Walnut Scion & Rootstock Improvement
Walnut Scion & Rootstock Improvement
Walnut Scion & Rootstock Improvement
University of California
Walnut Scion & Rootstock Improvement

Embryo Culture

Recently Chuck Leslie and his crew at the Walnut Improvement Program modified the method for extracting interspecific walnut embryos for culture to improve its success and efficiency. Earlier work extracting the embryos of interspecific hybrids had been challenging, requiring a team of two to extract embryos. In addition to the modified extraction method, modifications were also made to the disinfestation process, such as rinsing the fruit in a soapy solution prior to immersion in a bleach solution. Embryos are also transferred every 24 hours due to phenolic exchange with the media.

Improved Method to Extract Embryos for Culture

First some background on the material and reasons for improving the embryo extraction method. The main interspecific hybrids being embryo cultured are F1 hybrids of J. microcarpa x J. regia and J. cathayensis x J. regia, the small fruit/nut and larger fruit/nut in the photos, respectively.

The fruits are collected directly from the mother trees just prior to full maturity. The fruit of J. microcarpa and J. cathayensis do not split open at maturity like J. regia, although J. microcarpa fruit often develop some cracks. It was previously determined that the shells of the nuts from both mother trees hardened at earlier stages of maturity and it would make little difference to collect them later thus allowing the embryos additional maturation time. Therefore the shells are fully hardened and both mother trees produce nuts with very thick shells, unlike the much thinner shells of J. regia nuts. Additionally, the J. microcarpa fruit are small and round with an approximate diameter of 1/2-3/4”, whereas J. cathayensis fruit are oblong, approximately 1 1/4-1 1/2” wide and 2-2 1/2” long, and smaller than J. regia nuts. Lastly, J. microcarpa embryos are very small even at full maturity.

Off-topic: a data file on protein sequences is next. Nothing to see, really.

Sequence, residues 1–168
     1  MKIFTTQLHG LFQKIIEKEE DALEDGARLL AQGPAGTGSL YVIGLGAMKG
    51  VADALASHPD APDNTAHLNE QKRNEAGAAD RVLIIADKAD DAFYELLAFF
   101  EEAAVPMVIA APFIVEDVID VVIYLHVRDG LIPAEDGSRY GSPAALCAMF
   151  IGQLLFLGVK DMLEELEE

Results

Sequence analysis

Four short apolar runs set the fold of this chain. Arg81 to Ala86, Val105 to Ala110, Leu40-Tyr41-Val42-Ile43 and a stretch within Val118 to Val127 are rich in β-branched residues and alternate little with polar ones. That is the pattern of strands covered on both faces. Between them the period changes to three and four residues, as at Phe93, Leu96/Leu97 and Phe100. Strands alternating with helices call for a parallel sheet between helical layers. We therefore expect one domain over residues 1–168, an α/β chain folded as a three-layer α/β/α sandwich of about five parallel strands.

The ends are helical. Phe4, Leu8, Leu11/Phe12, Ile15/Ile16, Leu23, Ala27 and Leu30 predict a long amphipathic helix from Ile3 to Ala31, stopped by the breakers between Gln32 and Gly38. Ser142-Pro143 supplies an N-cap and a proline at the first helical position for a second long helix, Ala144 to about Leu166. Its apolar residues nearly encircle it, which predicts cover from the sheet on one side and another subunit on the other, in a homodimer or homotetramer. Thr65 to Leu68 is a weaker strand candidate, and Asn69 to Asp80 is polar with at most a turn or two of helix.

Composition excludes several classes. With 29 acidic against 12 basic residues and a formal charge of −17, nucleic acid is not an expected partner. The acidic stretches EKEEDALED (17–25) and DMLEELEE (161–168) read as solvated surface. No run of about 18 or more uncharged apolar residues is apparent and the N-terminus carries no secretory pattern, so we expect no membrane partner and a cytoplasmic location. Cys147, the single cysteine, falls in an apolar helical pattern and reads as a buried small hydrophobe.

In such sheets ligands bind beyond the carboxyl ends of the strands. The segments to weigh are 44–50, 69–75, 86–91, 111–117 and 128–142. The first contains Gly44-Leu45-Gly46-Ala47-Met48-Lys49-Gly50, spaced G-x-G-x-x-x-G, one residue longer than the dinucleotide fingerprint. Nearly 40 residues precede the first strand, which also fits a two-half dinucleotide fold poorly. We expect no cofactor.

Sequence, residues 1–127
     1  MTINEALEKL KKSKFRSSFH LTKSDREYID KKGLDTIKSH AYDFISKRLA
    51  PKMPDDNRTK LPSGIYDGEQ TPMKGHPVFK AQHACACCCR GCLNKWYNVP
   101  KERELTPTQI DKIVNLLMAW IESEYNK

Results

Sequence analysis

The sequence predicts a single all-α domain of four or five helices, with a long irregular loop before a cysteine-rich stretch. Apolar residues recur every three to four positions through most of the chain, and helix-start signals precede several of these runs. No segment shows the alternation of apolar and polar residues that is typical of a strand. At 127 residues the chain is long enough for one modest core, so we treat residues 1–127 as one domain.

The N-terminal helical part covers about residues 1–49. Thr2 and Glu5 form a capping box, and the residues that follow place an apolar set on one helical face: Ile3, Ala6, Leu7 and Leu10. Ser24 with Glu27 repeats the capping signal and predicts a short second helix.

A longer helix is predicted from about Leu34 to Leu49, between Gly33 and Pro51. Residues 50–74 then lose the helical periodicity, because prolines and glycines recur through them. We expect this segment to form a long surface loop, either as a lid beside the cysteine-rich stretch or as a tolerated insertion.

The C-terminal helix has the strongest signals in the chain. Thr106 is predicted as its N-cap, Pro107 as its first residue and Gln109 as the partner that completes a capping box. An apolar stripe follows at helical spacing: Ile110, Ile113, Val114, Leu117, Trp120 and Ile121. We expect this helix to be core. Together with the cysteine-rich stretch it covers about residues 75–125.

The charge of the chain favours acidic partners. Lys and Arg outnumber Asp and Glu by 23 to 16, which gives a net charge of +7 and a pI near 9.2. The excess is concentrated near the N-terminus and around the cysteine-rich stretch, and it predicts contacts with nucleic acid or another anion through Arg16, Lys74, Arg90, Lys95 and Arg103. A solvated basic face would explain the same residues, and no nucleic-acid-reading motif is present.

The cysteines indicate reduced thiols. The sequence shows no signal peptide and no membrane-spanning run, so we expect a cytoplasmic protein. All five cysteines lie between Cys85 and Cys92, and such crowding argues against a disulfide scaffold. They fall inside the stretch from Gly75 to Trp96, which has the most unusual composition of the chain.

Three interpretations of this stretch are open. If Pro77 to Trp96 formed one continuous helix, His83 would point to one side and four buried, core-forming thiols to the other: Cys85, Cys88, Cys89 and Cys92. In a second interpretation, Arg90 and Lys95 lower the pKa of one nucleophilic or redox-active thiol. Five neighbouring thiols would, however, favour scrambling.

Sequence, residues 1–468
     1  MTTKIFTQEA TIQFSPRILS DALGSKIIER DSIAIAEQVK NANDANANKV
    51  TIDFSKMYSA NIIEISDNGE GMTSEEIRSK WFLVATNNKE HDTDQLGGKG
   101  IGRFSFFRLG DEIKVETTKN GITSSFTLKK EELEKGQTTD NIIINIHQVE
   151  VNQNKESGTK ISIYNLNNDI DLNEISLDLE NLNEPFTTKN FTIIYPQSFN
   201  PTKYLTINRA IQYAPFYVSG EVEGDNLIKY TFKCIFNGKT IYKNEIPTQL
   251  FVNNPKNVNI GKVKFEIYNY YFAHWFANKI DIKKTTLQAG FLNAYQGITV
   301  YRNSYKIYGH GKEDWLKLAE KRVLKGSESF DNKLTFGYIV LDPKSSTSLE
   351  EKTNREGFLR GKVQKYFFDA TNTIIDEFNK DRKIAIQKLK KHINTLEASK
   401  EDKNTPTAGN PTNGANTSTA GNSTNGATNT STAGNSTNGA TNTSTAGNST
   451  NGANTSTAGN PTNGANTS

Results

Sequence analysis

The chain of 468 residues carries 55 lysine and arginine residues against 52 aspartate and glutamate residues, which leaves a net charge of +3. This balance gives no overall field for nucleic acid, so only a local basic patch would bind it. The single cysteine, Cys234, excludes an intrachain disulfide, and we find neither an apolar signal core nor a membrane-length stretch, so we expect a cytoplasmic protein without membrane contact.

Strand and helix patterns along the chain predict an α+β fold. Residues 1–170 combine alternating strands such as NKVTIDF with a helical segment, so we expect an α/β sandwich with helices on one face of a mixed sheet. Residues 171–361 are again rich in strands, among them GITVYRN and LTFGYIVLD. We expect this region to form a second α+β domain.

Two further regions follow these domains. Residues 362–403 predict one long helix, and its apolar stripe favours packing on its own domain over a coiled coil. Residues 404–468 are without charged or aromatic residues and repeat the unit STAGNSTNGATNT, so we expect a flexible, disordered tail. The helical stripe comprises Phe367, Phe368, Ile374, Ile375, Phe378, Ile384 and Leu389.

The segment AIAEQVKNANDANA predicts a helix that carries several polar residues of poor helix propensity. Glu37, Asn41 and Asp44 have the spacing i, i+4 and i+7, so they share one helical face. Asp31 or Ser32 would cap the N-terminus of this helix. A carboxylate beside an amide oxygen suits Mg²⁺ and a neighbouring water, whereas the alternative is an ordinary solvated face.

J. microcarpa x J. regia

  • The fruit is placed into a sterile paper towel to prevent reinfestation from placement in the vice.
  • The paper towel is then rolled into a tube containing the fruit and placed into a vice, preferably with the blossom end up, but it is hard to track because of the round shape and small size of J. microcarpa nuts. The vice is then tightened until the shell cracks, enough to hear a pop but not so much as to crush the nut and embryo, and then removed from the vice.
  • After cracking and removal from the vice, the paper towel is unrolled and used as a cutting surface during the embryo extraction. The cracked nut is opened further to reveal the embryo located at blossom end of the nut, the point of the ‘heart’ in the photos.
  • The embryo is then placed on culture media to germinate and once large enough is further multiplied, rooted, and send to the different pathology and nematology groups.

Fig. 1. Interspecific hybrid culturing.
Fig. 2. Interspecific hybrid culturing.
Fig. 3. Interspecific hybrid culturing.
Fig. 4. Interspecific hybrid culturing.
Fig. 5. Interspecific hybrid culturing.

In some cases the nut cracks poorly and it is difficult to determine the embryo location. When this occurs the assorted pieces are all placed on media and observed until the section with the embryo is evident.

J. cathayensis x J. regia

This method is similar to the one used for the J. microcarpa x J. regia hybrids. However, in the photos it is shown without the paper towel and with a line drawn on the fruit following the suture, but this was done for demonstration purposes only. In reality a sterile paper towel is still used, the fruit is placed in the vice with the suture against the sides, and the blossom end pointing up. Again, the vice is tightened until the shell cracks open the fruit is removed from the vice, and the embryo extracted and placed in culture media to germinate.

Fig. 6. Interspecific hybrid culturing.
Fig. 7. Interspecific hybrid culturing.
Fig. 8. Interspecific hybrid culturing.
Fig. 9. Interspecific hybrid culturing.

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